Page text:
Advances in medical and device therapies are opening new frontiers to the management of HF. We are moving from the end organ therapy into the autonomic nervous system control
Edoardo Gronda MD FESC FANMCO
Department of Cardiovascular Medicine
Sesto San Giovanni, Italy
Emilio Vanoli MD FESC
Department of Cardiovascular Medicine
Sesto San Giovanni, Italy;
Department of Molecular Medicine,University of Pavia, Pavia, Italy
Despite the impressive decline in the overall mortality achieved in the last three decades, heart failure (HF) remains a prominent cause of death and of hospital resource use in the western world. Since the introduction of angiotensin II converting inhibitors and beta-blockers, HF mortality dropped, on the average, by 44%. Adding appropriate use of device therapy such as implantable cardiac defibrillators and cardiac resynchronisation pacing decreased overall mortality by almost a further 20%, allowing an impressive global decrease of 60%.1 This is a result that remains unmatched in the management of most common chronic disorders that affect the national health system of economically advanced countries.
Despite this good news, recent large and long-term studies on HF patients who received the state-of-the-art device therapy in addition to optimal pharmacological treatment, revealed a prevailing mortality after about 15 years.2 Most of the reasons for such disappointing data are due to the complex pathophysiological HF mechanisms that are closely related to the mutual cardiovascular organs relationship.
Contemporary HF state-of-the-art therapy most frequently allows only a partial reversion of the clinical condition and some variable degree of cardiac dysfunction remains in place. In other words, state-of-the-art therapy is most often applied when the disease process has already caused irreversible damage and it can merely support the patient in living with the disease rather than treat it.
Indeed, cardiac dysfunction itself maintains and exacerbates, in the long run, the complex interplay of several neuro-hormonal mechanisms specifically driven by peripheral vessels and the kidneys to enhance cardiac autonomic activity in order to restore local perfusion by augmenting cardiac output.
The most prominent among these neuro-hormonal mechanisms is the adrenergic (or sympathetic) nervous system, whose activity and outflow is boosted with an immediate haemodynamic positive effect, mediated by local specific receptors stimulation that can work for a temporary need. This is at the cost of an enhanced arrhythmic risk. However, if dysfunction continues over time, increased persistent activation of receptors in end organs exceeds appropriate range, which switches the response from a positive compensatory effect to a damaging action that progressively worsens overall organ function.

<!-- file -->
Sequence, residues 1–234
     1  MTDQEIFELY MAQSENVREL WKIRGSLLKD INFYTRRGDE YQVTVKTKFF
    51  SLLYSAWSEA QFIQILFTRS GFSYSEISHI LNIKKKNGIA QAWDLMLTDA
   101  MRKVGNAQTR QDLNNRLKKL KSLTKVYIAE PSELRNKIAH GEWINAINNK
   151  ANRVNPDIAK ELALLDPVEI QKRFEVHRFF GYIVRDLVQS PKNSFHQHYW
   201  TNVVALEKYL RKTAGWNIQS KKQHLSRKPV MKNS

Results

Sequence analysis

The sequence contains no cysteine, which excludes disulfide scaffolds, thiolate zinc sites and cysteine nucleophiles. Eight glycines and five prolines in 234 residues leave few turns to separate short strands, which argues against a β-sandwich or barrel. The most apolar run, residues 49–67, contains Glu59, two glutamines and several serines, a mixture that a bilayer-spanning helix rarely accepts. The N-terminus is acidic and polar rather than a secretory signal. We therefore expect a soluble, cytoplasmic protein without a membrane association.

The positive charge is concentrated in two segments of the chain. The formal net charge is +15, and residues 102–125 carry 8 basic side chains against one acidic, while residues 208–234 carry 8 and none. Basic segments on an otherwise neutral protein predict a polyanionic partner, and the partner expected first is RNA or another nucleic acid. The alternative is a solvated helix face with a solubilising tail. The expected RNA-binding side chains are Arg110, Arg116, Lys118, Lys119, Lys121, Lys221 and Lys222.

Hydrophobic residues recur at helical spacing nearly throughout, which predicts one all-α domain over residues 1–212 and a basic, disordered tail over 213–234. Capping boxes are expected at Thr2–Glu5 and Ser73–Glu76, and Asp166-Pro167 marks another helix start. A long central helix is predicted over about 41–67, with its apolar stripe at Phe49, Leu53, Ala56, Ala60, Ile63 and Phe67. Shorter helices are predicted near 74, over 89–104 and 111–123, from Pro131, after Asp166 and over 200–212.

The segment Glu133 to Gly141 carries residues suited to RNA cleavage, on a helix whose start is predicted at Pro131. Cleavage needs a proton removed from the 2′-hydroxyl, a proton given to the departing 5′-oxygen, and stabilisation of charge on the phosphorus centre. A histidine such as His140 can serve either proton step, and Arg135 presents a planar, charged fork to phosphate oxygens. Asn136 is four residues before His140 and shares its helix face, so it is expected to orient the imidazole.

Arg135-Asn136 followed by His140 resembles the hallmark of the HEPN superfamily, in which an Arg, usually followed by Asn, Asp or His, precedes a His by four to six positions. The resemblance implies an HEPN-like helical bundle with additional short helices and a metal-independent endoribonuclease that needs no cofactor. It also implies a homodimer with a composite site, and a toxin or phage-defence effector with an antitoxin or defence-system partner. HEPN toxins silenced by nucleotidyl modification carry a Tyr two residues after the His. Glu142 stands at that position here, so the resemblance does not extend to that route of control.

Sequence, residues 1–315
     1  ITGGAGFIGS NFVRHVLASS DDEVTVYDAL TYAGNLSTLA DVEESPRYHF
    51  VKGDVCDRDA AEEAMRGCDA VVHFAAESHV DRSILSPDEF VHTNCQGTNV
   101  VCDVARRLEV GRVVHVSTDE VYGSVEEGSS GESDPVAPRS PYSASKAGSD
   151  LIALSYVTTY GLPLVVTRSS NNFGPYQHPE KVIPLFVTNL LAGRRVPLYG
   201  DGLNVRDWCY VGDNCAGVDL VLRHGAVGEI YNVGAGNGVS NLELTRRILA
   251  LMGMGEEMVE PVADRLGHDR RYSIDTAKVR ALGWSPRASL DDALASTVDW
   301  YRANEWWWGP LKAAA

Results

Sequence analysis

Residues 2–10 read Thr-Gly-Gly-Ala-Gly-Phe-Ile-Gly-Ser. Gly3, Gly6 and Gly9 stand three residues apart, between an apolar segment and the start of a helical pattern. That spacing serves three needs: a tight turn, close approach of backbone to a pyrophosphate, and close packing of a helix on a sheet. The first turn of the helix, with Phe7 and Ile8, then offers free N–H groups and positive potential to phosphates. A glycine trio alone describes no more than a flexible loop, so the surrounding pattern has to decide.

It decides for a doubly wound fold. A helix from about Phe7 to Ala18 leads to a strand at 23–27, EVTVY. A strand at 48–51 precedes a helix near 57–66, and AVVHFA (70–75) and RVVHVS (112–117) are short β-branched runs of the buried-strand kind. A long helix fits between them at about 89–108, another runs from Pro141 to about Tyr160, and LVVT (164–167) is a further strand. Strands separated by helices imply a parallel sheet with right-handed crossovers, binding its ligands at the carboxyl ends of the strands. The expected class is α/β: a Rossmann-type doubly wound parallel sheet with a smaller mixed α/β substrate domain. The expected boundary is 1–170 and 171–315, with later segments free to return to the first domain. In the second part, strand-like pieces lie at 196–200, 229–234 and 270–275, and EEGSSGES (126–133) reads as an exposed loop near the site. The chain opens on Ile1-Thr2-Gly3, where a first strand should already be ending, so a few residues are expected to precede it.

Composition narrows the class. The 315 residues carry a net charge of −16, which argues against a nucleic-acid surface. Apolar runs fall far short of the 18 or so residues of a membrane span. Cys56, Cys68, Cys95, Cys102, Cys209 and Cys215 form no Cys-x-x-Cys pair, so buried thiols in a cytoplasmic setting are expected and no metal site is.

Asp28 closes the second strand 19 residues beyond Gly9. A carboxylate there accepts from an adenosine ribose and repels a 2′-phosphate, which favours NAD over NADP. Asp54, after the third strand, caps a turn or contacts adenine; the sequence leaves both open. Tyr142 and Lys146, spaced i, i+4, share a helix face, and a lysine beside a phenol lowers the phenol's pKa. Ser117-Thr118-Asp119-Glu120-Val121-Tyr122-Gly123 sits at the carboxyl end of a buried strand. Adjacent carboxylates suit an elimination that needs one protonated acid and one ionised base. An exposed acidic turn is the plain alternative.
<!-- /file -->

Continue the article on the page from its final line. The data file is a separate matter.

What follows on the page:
The critical message is that any single organ damage will lead to a global autonomic response that, in turn, may have detrimental consequences on the all other end organs by enhancing sympathetic afferent excitatory information. As matter of fact, an excessive sympathetic response to an asymptomatic cardiac dysfunction may cause major activation of neuro-hormonal responses involving the kidney with obvious detrimental consequences. The final clinical picture will then reflect the prevailing end organ damage so that, for instance, a concealed cardiac dysfunction might eventually result in a significant kidney disease.
Of note, the increased sympathetic activation is coupled with a concomitant, proportional decrease of the counteracting vagus nerve activity. This is a pivotal point in understanding the complex interplay of neuro-hormonal rearrangement we learned since the beta-blocker saga: the autonomic disarray must be stopped and reverted, if possible.
It is also important to note that other non-cardiovascular factors, like the glycaemic hammer or insulin resistance, can elicit high sympathetic reflexes leading to progression in damaging all cardiovascular end organs, running further progression of HF haemodynamic derangement.
It is worth noting that any neuro-hormonal drug, although beneficial, as any unnatural paraphernalia, has potential important drawbacks: beta-blockers may enhance ischaemic stroke incidence in hypertensive and in HF patients.3
Recently, renin inhibition resulted in concerning results in diabetic patients,4 without forgetting moxonidine, a central pharmacological inhibitor of the autonomic system, which has negative consequences on mortality in treated HF patients.5 Based on this evidence, it is noteworthy that, in normal physiology, the autonomic system is acting by balanced activation of excitatory, pro-inflammatory sympathetic nerve action, mostly driven by catecholamine release and by the tapering of sympathetic drive run by synergic vagal activation that aims to rest organ function and to repair structural damage following over-excitation.